A Guardian piece on “unconditional positive regard”, at a school for children who have suffered abuse, neglect or poverty and cannot study in the mainstream.
At Springwell, Whitaker says, “it means rewarding children for the smallest things – like being kind to fellow pupils – and not punishing bad behaviour. “I could have a kid that spits in my face today and tomorrow I’ll be OK with them,” he says. And if a pupils throws over a table and swears at the teacher? “The teacher would be really nice to them, talk nicely. It would be dealt with by the care team and that child would be looked after, taken out of the room for a calming period and then welcomed back into the classroom.”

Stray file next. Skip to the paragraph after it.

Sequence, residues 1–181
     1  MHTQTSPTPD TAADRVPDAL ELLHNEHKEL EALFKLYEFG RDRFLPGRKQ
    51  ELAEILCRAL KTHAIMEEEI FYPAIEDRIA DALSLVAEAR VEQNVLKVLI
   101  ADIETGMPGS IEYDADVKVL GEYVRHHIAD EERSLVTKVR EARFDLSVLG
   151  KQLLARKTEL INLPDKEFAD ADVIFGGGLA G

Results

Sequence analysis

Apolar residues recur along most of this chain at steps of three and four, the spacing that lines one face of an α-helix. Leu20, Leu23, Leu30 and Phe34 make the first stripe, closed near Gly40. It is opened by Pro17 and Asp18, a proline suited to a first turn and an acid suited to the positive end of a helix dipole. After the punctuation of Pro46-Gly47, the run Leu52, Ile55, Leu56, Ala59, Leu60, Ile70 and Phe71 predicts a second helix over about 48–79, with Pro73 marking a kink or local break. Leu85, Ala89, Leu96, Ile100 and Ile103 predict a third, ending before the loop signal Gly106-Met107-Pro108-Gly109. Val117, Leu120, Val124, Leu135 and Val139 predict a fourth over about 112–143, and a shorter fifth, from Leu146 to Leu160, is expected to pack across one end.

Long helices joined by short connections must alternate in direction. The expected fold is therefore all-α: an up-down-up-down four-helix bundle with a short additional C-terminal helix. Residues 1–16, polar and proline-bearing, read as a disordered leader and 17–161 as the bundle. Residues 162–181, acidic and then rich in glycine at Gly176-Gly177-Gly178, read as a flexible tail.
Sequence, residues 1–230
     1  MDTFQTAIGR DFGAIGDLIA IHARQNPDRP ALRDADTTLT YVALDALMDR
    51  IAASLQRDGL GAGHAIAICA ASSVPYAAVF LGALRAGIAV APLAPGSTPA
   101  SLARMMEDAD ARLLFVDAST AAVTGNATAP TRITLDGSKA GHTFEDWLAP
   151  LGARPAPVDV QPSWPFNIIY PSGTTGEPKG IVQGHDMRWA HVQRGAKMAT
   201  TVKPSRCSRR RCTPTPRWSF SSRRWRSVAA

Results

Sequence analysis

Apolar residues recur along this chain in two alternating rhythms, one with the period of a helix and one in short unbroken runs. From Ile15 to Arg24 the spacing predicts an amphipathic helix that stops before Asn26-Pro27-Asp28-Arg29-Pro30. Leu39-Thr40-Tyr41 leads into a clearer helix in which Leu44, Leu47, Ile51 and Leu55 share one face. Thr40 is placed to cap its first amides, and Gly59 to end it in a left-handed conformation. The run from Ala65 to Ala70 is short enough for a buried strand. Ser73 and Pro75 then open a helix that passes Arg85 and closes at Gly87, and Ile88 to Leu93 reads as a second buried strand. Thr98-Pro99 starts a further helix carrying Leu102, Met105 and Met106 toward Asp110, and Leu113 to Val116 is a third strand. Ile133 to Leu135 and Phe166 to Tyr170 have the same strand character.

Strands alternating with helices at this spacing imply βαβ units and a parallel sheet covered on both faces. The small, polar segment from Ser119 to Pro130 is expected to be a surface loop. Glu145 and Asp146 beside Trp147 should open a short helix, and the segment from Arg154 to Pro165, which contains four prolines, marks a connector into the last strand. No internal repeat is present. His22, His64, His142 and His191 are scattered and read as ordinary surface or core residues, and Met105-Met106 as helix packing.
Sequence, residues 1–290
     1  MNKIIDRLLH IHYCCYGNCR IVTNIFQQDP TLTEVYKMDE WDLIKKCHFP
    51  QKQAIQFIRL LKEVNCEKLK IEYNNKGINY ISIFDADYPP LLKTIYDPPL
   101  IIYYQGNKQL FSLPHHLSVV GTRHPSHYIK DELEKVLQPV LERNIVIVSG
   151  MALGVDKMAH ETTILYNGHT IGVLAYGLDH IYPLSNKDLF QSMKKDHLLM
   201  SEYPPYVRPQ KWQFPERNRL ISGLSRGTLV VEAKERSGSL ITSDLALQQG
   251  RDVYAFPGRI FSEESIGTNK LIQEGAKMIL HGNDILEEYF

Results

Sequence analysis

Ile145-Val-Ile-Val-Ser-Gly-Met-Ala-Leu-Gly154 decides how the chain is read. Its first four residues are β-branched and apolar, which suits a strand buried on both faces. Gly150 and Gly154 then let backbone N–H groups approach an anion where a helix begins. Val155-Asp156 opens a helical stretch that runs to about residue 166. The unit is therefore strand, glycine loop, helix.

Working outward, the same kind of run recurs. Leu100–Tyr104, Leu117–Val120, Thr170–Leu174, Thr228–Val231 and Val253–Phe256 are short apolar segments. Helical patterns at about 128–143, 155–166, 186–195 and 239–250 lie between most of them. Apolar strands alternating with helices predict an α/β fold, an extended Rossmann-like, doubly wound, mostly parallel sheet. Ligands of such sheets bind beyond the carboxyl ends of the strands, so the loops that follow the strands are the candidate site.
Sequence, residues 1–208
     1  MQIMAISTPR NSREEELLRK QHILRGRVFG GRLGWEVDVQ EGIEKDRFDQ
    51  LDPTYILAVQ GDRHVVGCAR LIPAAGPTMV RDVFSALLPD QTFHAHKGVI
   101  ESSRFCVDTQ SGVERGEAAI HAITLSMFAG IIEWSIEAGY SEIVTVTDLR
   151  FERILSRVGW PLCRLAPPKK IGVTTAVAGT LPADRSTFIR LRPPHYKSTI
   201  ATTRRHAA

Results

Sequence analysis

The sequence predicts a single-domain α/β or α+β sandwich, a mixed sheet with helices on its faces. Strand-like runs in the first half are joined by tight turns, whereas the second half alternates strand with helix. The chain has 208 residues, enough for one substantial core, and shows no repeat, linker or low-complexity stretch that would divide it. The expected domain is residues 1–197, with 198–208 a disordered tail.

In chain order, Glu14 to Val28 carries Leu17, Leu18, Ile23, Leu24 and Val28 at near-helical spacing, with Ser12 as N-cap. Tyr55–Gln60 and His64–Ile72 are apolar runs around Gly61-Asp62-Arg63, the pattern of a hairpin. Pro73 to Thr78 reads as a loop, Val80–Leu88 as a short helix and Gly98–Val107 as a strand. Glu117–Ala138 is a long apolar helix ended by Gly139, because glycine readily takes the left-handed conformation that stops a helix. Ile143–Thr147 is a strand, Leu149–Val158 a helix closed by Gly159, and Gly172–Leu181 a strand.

Depressingly the government behaviour tsar Tom Bennett responds to being asked about the success of unconditional positive regard by claiming that zero tolerance policies, such as those famously used at Michaela and other academies, are the same thing. “The way Michaela uses unconditional positive regard, he adds, is by being “absolutely on the pupils for micro-behaviours”. “I think unconditional positive regard can be understood in lots of different ways.”
The head of Springwell, Whitaker, believes differently.
“Some of the indiscretions that go unpunished at Springwell might merit isolation or worse elsewhere, he says, describing the zero-tolerance approach as “barbaric”. “Those systems of rigid consistency, with no flexibility, I think it is verging on bullying.”